Correction: An earlier version of this story incorrectly identified graphologist Beverley East as Barbara East. This version has been corrected.

John Wilkes Booth's calling card to Andrew Johnson, dated April 14, 1865. National Archives, Records of the Office of the Judge Advocate General (Army). (Courtesy National Archives/Courtesy National Archives)
A window into their souls: Handwriting

The new exhibit at the National Archives collects notable signatures, from the X of Harriet Tubman to the flamboyant swirl of John Hancock, the Massachusetts representative whose name became a synonym for signature. But what does an analysis of historical handwriting tell us? We asked D.C.-based graphologist and court-qualified forensic document examiner Beverley East to examine a few examples of handwriting from the exhibit “Making Their Mark” without telling her who the writers were (though a couple of signatures made it obvious). What personality traits were reflected in the writing of these famous people?

John Wilkes Booth

Item: A calling card left at Vice President Andrew Johnson’s hotel, hours before the assassination of Abraham Lincoln. Was he checking on the location of Johnson’s room for his co-conspirator George Atzerodt, who was supposed to kill the vice president that night but did not, or was he in cahoots with the V.P.? Historians still argue over its significance.

Analysis: East determined that because of the double stems, or star in the “T” bar on words such as “with” and his own signature, “once his mind was made up, don’t ask twice. He was stubborn.” He was also a “very hands-on person,” as shown by the flat top of the letter “r.” And, owing to the lower loops in the letters, she determined that “when given a task, he had the ability to stay the course until completion.”

Frederick Douglass

Item: A letter asking President Abraham Lincoln for “a great favor” — a discharge for his son, Lewis, from the Army because of illness. Lewis Douglass had been the first African American to enlist as a Union soldier from New York in 1863.

Analysis: In the sweeping “T” bars, East recognized an enthusiastic individual “who wants to know why, where, how and when” (shown in the V-shapes of the letters “m” and “n”). The right slant of his writing shows he is “ruled by his heart and passionate about all his undertakings”; the knots in the letter “f” show he is persistent and persuasive.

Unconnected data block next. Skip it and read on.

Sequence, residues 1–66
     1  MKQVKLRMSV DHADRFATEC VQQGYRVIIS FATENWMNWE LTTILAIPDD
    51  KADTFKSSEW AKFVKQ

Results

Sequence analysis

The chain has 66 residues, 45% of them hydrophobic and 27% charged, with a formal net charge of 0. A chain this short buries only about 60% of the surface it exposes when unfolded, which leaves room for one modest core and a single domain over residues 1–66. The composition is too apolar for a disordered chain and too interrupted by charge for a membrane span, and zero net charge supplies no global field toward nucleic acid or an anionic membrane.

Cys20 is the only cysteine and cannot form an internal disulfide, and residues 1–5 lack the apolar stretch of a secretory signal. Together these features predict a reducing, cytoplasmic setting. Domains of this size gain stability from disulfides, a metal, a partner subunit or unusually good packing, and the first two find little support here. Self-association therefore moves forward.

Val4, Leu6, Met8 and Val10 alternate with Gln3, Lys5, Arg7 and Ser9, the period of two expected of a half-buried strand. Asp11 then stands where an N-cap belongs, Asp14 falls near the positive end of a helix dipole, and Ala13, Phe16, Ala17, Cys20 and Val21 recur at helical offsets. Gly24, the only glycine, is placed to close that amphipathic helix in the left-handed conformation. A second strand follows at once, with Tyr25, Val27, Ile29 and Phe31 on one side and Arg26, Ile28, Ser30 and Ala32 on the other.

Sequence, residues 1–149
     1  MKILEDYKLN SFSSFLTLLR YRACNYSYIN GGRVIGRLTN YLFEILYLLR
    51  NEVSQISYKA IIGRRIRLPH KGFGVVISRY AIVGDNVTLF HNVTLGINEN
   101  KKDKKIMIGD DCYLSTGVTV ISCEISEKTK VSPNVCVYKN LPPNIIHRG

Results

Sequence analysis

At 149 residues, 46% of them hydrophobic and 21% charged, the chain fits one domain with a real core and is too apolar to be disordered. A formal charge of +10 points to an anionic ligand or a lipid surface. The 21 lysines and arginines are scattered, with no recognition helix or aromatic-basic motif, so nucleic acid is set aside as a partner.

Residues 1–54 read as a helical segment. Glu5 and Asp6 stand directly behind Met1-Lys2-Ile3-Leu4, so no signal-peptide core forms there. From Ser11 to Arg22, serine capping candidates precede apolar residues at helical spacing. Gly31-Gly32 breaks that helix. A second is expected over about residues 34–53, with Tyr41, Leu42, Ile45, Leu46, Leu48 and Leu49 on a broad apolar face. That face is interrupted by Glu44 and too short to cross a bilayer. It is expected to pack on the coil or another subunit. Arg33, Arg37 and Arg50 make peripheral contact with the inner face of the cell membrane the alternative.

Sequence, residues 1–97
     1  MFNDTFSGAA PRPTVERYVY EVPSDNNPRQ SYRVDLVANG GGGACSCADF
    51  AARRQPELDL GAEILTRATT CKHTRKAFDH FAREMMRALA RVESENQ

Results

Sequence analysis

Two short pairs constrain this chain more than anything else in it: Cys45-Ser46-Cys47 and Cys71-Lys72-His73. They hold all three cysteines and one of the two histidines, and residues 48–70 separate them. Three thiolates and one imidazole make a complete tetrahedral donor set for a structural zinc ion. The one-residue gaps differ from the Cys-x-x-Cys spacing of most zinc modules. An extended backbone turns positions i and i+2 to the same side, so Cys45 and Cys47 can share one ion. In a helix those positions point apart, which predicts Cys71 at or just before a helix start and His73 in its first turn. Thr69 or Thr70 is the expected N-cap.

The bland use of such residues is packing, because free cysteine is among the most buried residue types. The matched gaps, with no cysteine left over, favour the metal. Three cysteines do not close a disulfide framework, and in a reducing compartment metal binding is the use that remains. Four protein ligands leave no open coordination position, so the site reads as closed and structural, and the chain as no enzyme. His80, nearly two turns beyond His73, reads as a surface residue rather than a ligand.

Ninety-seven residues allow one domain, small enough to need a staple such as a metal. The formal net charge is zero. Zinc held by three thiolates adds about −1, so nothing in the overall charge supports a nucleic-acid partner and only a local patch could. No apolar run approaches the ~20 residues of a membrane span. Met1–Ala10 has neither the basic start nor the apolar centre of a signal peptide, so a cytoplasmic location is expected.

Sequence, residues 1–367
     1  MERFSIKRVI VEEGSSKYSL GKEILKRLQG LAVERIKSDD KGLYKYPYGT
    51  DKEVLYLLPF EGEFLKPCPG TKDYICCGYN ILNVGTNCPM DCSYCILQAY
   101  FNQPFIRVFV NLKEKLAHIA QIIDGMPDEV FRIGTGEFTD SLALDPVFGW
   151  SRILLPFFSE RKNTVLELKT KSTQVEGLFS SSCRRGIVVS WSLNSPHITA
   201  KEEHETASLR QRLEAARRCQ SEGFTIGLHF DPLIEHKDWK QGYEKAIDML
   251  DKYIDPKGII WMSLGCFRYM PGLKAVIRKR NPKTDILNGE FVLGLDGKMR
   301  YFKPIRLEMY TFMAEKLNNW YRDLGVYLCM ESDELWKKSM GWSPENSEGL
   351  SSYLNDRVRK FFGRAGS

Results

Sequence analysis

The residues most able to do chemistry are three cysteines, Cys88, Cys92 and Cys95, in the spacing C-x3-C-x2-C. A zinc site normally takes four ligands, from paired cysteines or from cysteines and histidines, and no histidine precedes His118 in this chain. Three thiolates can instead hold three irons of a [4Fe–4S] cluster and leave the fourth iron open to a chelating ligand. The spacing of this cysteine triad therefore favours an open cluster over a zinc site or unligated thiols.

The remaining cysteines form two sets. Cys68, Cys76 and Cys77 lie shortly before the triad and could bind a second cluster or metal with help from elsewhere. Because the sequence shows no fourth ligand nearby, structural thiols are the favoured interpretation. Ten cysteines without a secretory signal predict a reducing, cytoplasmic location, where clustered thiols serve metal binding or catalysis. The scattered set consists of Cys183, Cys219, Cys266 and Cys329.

Jacqueline Kennedy

Item: A letter to former president Herbert Hoover expressing gratitude for their meeting in January 1956, when she found him “wiser and kinder than I could have ever imagined.”

Analysis: The then-senator’s wife “was a gentle soul and complete optimist,” East says, evident in the large upward “T” bars that show optimism. The light pressure of the writing shows her gentleness; the extremely large upper loops in her writing showed “her creative mind was constantly filled with big ideas.” Her strong level of self-esteem, shown by the large personal pronoun “I,” “protected her from glaring eyes and vicious comments.”

Julia Child

Item: Application to the Office of Strategic Services, a precursor to the CIA, in 1942. Beginning as a typist, she eventually traveled the world on assignments, meeting fellow OSS employee and future husband Paul Child while on assignment to Ceylon in 1945.

Julia (McWilliams) Child's Office of Strategic Services application, June 12, 1942. National Archives, Records of the Office of Strategic Services. (Courtesy National Archives)

Analysis: Through Child’s handwriting, East found her “direct and to the point with no hidden agenda . . . the semi-printed large script tells us this. She makes no bones about speaking her mind.” Strong dots on the “i” that are close to the stem give her “a fine eye for detail,” East says. But the “t” bar crossed to the left of the stem in the word “advertising” indicates that “when she was overwhelmed, she had a tendency to procrastinate.”

Catlin is a freelance writer.

In National Archives exhibit, signed letters help tell the story of our nation — and beyond